wardly to regulate the tension on the screen 2L1‘
The screen frame has a central longitudinal
T-iron 29 extending from the upper to the lower
end thereof and suitably secured to the upper and
lower ends of the screen frame. Its lower mar
gin has a V-groove to receive a rod 3:3 which ex
tends from end to end thereof and which is
formed of resilient material. The screen 2| pass- es beneath the rod 3?) and when under tension is
until they have passed out beyond the forwardly
declining front wall, or de?ector l1 and then they
will be released from the screen and will fall out
side of the mud box.
As herein before stated, the screen 2| is slight
ly convexon its underside and is drawn tightly
around the cushioning rod 38. The screen is
drawn tightly thereagainst. _ The screen is
stretched uniformly so as to give a smooth, uni
slightly curved downwardly from side to side as
form under surface area.
shown in Figure 3.
As the drilling ?uid flows through the screen,
It will thus be observed that the screen 2| de 25
small drops of the fluid will form over the entire
clines forwardly from end to end of the screen
underside of the screen. This action takes place
frame and over the mud box and is completely
about halfway up the screen, but the exact loca
unobstructed on its underside so that the drops of
tion depends upon the volume of drilling ?uid
liquid forming on the underside. of the screen may
being handled at the time. If the volume is
move downwardly along the underside of the
large, the action starts further down the screen
screen without meeting with any obstructions.
giving less ?otation separation, and when the
Mounted on the main frame, at the rear end.
volume is decreased, the action starts closer to
is a receiving chute 3| which receives the mud
the top of the screen giving more sand separation
returning from the well, through the return pipe
by ?otation.
32, and which delivers said mud onto the screen
As the drops move down along the underside
as illustrated in Figure 1.
of the screen, they willcollect more and more
Mounted on the side members ‘i and the cen
tral member 29 of the screen frame are the trans
versely alined clamps 33 which are ?rmly secured
to the screen frame and which contain the an
nular, resilient shock absorbers all which sur
round the transverse tubular housing
housing is closed at one end by the cap 3'6 which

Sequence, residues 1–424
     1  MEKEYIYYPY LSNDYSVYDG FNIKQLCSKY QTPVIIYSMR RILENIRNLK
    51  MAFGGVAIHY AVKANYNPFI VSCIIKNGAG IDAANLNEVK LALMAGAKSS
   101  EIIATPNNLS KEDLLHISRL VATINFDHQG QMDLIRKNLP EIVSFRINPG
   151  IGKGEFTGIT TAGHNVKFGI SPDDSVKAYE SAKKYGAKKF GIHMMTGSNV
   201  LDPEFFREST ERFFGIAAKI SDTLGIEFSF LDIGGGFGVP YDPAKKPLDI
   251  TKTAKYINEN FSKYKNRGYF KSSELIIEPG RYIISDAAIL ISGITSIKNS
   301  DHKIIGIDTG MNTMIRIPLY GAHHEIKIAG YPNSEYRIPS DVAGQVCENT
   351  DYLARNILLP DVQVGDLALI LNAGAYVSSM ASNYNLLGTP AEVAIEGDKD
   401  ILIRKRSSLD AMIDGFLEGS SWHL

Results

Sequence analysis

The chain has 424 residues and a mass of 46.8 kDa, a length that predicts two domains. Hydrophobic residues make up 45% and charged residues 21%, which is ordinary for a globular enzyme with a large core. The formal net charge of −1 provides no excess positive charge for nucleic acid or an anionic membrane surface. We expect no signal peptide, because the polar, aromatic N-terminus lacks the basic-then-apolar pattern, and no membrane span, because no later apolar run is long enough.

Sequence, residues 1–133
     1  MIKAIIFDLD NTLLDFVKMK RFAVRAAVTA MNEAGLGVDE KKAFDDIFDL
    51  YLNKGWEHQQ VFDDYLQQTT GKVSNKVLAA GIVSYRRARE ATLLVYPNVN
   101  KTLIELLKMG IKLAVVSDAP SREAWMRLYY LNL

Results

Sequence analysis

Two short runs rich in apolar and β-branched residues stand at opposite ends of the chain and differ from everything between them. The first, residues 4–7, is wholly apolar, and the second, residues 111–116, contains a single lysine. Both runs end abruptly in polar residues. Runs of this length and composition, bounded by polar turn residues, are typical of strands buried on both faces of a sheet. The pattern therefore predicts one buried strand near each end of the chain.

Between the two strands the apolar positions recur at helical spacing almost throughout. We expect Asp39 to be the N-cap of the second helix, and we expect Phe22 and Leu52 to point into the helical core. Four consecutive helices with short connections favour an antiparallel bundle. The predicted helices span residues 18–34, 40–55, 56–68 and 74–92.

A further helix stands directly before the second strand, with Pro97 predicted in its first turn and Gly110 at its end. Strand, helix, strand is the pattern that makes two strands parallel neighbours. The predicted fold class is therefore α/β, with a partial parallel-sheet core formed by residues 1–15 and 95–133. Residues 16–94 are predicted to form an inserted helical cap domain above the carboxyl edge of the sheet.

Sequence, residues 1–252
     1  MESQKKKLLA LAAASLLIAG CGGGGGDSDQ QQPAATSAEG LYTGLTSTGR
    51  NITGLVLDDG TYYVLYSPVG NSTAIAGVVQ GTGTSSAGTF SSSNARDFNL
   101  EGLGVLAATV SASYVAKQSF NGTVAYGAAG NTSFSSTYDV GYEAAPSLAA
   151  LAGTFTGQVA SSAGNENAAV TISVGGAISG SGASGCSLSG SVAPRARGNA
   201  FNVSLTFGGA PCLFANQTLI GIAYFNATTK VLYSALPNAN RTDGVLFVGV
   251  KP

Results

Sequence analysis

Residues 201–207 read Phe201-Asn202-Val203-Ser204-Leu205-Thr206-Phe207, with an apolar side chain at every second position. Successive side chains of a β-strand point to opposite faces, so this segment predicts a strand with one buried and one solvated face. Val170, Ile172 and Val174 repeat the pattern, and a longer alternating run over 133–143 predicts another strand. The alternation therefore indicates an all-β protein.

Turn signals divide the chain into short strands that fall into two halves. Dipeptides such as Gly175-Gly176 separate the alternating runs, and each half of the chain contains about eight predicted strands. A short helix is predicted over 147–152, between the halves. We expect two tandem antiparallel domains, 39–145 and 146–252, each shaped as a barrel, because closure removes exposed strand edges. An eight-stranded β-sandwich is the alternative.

is secured thereon.
Within the housing 35 there is a shaft 3M
having coaxial end spindles 3‘! and 33 which are
eccentric with respect to the axis of the shaft
sand and when they reach the lower end of the
screen, the sand will predominate over the liquid
in the drop so that while not all of the sand will
be removed from the ?uid being screened a sub
stantial portion thereof will be extracted.
The drawings and the description are illustra
tive, only, while the broad principle of the inven
‘ tion Will be de?ned by the appended claims.
What I claim is:
1. In a vibrating screening unit a mud box
having vertical side walls, a vertical end wall at
and which are mounted in anti-frictionbearings
one end and a horizontal bottom, a portion of
39 and 4t suitably retained within the housing.
The spindle 38 is extended outwardly through 50 the bottom inclining toward the other end of
the box, and a wall at said other end of the box
the cap 4| screwed on to the corresponding end
which declines outwardly and whose upper mar
of the housing. The extended end of the spindle
gin merges with the adjacent end of the inclined
38 has a sheave t2 splined thereon through which
portion of the bottom; and a vibratory, forwardly
the shaft may be rotated. The inside diameter
declining, screen mounted above the mud box
of the shock absorbers
is somewhat less than
and extending transversely, approximately from
that of the clamps 33 so that there will be no
side to side, and longitudinally, approximately
metal to metal contact of the housing 35 with said
from end to end, of the box, with its upper, or
feed, end above one end of the mud box and with
As the shaft 37a is rotated, it will impart vibra
its lower end positioned over and adjacent said
tion to the housing 35, by reason of its eccen
outwardly declining portion.
tricity, which vibration will be imparted through
2. In a vibrating screening unit, a screen com
the shock absorbers | l and will not be transmit
prising a frame formed with side members, means
ted to the main frame.
for anchoring said side members together in
The vibration imparted to the screen will there~ '
a rather
not be
but on the other hand will be
The ?uid returning from the well will be cast
onto the screen as hereinabove stated and pass
on into the mud box and the shale and coarse
particles will pass down over the screen and be
spaced relation, a ?at, sheet-like foraminated
screening element, tension bars along the inner
sides of said side members having outwardly
turned ?anges, clamp means engageable over
said ?anges and over the side margins of the
screening element and clamping. the margins of
said element to said tension bars, a longitudinal
tension rod above the screening element which
the mud box but the fine sand will pass through
bears against said element approximately midway
the screen.
between its side margins, tension bolts passing
A substantial portion of the liquid will form in
drops on the underside of the screen, as shown 75 through said tension barsland side members and
discharged from the lower end thereof beyond
across the frame and approximately from end to
end thereof, clamp means clamping the side mar
bolts whereby tension may be applied to the
gins of the screen to the tension bars, a longi
screening element transversely to draw it tightly
tension rod above the screen which bears
against said rod.
3. In a vibrating screening unit, a substantially CH against the screen approximately midway be
tween its side margins, tensioning means secu
rectangular screen frame formed with side mem
ring the tension bars to the side members and
bers, means'for anchoring the side members to
adjustable whereby tension may be applied to the
gether in spaced relation, tension bars along side '
screen transversely to draw it tightly against said
the inner sides of said side members and extend
ing approximately from end to end of the frame, 10 rod.
a substantially ?at, sheet-like screen extending
tension nuts threaded onto the outer end of said